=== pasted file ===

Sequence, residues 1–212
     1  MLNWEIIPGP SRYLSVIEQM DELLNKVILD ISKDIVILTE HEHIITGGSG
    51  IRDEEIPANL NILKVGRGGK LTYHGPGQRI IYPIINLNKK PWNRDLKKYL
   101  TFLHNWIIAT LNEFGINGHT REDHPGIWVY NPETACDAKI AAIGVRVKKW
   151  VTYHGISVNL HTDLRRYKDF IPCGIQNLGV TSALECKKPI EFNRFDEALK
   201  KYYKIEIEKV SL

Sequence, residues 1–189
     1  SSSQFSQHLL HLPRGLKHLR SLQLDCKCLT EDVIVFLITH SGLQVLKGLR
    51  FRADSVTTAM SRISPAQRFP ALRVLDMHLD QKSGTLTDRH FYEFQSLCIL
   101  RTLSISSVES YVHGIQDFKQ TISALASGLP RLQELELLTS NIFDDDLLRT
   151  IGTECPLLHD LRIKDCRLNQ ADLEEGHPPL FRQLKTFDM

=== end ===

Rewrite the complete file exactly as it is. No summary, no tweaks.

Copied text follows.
Sequence, residues 1–212
     1  MLNWEIIPGP SRYLSVIEQM DELLNKVILD ISKDIVILTE HEHIITGGSG
    51  IRDEEIPANL NILKVGRGGK LTYHGPGQRI IYPIINLNKK PWNRDLKKYL
   101  TFLHNWIIAT LNEFGINGHT REDHPGIWVY NPETACDAKI AAIGVRVKKW
   151  VTYHGISVNL HTDLRRYKDF IPCGIQNLGV TSALECKKPI EFNRFDEALK
   201  KYYKIEIEKV SL

Sequence, residues 1–189
     1  SSSQFSQHLL HLPRGLKHLR SLQLDCKCLT EDVIVFLITH SGLQVLKGLR
    51  FRADSVTTAM SRISPAQRFP ALRVLDMHLD QKSGTLTDRH FYEFQSLCIL
   101  RTLSISSVES YVHGIQDFKQ TISALASGLP RLQELELLTS NIFDDDLLRT
   151  IGTECPLLHD LRIKDCRLNQ ADLEEGHPPL FRQLKTFDM